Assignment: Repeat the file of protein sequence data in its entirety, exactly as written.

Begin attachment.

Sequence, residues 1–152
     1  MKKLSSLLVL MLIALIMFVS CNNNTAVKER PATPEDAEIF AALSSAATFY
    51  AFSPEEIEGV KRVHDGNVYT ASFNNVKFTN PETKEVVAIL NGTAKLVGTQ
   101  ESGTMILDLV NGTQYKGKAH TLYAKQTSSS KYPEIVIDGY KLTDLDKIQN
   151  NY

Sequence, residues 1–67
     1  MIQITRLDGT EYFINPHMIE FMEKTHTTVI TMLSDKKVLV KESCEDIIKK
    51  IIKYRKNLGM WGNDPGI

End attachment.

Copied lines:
Sequence, residues 1–152
     1  MKKLSSLLVL MLIALIMFVS CNNNTAVKER PATPEDAEIF AALSSAATFY
    51  AFSPEEIEGV KRVHDGNVYT ASFNNVKFTN PETKEVVAIL NGTAKLVGTQ
   101  ESGTMILDLV NGTQYKGKAH TLYAKQTSSS KYPEIVIDGY KLTDLDKIQN
   151  NY

Sequence, residues 1–67
     1  MIQITRLDGT EYFINPHMIE FMEKTHTTVI TMLSDKKVLV KESCEDIIKK
    51  IIKYRKNLGM WGNDPGI